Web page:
clock menu more-arrow no yes

Filed under:

Dave Doeren’s impact on NC State’s results is probably not as pronounced as we think

New, 20 comments

yes, here come some numbers

NCAA Football: North Carolina State at North Carolina Rob Kinnan-USA TODAY Sports

Here is an interesting, yet admittedly-limited look at college football coaching from Bill Connelly: measuring results relative to win expectancy. (You just fell asleep when I mentioned advanced statistics, didn’t you. YOU WOULD.) It’s only one small piece of the picture in terms of measuring coaching acumen in football, which is super difficult and probably impossible, but it sheds some light on who is overachieving or getting fired.

In six seasons as a head coach, Dave Doeren has had basically zero impact, year-to-year, on his teams’ bottom line. Statistically his teams have underachieved by -0.03 wins per season, which ranks the Deezy 104th out of 224 coaches in this sample.

As Bill notes, context is really important in interpreting these numbers:

You can potentially distill coaching into two things: building a team that produces great stats and figuring out how to maneuver in tight games when neither team has a statistical advantage. The former matters above all (Nick Saban and Steve Kragthorpe, after all, are nearly even on this list ... and on no other list in existence), but if nothing else, this list might help us to understand which teams/coaches are good or bad at the latter.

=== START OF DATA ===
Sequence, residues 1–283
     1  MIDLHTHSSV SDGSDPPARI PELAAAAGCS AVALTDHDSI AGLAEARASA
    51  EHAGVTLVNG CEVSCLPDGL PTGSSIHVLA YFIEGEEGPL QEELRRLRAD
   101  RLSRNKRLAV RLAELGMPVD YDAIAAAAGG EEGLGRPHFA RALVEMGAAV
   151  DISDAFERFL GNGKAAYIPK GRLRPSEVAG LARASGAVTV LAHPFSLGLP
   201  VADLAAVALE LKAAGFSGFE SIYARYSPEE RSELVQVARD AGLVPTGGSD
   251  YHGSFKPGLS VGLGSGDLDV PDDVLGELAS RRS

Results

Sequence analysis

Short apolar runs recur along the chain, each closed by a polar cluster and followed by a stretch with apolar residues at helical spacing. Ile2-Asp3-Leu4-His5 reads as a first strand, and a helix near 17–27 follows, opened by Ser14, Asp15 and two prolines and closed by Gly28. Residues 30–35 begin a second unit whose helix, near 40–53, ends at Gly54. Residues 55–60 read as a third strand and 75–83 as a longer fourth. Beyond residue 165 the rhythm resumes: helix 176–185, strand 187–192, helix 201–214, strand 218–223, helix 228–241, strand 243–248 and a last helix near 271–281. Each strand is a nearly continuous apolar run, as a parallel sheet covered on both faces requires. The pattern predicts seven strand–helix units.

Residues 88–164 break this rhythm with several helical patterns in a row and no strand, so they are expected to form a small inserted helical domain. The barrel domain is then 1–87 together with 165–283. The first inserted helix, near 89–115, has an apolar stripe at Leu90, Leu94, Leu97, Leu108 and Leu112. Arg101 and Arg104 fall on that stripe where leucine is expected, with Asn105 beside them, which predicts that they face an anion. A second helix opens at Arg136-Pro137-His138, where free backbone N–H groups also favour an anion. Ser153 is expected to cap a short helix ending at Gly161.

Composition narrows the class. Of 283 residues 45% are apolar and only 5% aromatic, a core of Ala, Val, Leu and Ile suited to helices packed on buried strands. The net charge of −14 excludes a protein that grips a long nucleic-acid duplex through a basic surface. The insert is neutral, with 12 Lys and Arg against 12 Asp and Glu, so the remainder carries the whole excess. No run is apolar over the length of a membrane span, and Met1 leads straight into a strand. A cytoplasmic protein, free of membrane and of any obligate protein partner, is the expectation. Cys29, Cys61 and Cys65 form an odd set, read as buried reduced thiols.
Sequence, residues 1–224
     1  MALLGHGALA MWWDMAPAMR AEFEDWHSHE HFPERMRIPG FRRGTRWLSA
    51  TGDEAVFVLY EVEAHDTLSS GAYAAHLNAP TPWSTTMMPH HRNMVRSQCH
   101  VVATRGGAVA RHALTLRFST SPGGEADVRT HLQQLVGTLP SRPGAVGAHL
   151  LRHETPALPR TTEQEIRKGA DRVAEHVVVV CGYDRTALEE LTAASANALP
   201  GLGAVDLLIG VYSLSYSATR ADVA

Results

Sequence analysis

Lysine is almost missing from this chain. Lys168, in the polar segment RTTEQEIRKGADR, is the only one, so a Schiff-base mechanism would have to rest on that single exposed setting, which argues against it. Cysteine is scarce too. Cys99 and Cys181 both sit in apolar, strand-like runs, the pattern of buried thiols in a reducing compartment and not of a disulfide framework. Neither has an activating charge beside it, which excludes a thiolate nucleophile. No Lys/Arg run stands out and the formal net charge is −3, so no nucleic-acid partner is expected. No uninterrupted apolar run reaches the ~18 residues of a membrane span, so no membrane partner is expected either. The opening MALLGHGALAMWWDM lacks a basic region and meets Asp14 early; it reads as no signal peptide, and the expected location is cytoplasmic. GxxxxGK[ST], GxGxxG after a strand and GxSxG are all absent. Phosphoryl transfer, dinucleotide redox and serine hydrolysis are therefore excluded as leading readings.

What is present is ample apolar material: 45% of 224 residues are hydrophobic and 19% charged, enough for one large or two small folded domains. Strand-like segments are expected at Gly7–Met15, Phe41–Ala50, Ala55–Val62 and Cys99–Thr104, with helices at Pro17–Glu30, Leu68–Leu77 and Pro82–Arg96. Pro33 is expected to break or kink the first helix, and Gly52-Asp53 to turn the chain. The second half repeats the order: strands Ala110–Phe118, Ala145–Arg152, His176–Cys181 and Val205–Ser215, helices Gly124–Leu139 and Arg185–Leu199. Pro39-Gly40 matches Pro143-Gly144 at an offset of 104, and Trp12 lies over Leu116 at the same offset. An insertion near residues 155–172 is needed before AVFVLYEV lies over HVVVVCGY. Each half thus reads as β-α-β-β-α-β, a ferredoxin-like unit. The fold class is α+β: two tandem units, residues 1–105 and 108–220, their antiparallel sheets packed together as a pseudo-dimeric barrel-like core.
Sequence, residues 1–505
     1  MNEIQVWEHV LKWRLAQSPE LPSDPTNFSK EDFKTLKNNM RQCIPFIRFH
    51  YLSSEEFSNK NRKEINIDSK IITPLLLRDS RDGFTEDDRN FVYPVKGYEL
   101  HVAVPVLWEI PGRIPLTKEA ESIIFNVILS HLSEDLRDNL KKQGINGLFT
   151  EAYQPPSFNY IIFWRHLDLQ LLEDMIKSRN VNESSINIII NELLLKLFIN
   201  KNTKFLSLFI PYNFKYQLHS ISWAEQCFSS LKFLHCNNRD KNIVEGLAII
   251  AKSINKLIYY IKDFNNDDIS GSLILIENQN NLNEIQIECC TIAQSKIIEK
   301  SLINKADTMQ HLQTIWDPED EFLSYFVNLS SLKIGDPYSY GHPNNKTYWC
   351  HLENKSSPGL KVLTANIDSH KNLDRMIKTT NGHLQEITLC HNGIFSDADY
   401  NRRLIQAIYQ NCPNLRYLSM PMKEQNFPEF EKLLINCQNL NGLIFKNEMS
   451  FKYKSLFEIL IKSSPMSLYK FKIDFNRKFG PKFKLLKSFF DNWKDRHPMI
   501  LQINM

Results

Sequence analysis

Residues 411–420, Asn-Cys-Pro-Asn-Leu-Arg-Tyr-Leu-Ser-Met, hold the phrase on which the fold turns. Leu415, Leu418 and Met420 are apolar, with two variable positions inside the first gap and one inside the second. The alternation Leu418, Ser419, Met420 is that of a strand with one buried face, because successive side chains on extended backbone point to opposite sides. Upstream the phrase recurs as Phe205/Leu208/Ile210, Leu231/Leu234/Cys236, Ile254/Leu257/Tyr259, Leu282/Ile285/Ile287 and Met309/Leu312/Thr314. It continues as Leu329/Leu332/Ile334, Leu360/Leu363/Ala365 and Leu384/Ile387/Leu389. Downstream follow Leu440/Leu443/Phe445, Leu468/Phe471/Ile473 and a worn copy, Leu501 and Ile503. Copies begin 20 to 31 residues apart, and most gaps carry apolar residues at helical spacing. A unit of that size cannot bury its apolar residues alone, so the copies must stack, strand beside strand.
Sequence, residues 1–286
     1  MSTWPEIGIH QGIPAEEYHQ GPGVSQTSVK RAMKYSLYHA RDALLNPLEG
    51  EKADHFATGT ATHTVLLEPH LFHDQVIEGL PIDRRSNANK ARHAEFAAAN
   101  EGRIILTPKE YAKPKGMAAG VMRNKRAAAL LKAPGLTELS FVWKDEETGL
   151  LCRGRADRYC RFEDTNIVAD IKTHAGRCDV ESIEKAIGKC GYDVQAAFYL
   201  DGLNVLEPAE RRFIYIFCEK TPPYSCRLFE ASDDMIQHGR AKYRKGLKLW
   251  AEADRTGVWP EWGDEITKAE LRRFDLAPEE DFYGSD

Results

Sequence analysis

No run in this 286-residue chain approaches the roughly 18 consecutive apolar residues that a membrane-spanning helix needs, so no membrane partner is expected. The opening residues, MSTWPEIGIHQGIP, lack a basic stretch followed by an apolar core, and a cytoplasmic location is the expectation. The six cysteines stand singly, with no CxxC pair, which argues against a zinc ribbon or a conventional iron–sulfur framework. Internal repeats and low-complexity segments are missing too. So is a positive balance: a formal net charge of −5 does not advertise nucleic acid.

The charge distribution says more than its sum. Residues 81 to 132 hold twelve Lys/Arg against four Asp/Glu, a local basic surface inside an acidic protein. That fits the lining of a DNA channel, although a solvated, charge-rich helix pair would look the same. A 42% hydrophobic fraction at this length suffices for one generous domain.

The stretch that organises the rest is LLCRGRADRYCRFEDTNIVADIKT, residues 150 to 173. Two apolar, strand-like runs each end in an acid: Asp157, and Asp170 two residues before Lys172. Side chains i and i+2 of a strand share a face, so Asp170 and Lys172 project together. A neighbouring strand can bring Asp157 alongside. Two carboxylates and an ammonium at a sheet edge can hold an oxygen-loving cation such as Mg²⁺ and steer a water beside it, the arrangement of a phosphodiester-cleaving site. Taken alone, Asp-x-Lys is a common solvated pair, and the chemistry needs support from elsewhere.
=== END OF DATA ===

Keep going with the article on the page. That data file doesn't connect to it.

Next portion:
None of this is an indictment of Dave Doeren’s coaching acumen—especially since it’s coordinators who really account for the majority of in-game results. How well you hire and how well you’re able to hire based on the resources you have and how well you coach are very different things. The relative influence of those particular factors fluctuate by school.

Nick Saban has about 400 people watching film for him every week; Steve Kragthorpe probably didn’t have that luxury. We really have no idea if Saban is actually good at coaching football (his NFL stint suggests he’s pretty average) but he is able to throw money at every single problem he finds at Alabama. You can’t understate that.

But this does offer some statistical account of what I’ve seen over the last four years, in Dave’s case at least; Doeren has made crucial mistakes, and he’s not a great coach, but he’s not a bad one, either. We’re all stuck in the fat part of the bell curve in one way or another—some manage to hide it better than others—and that’s life, and such is Dave.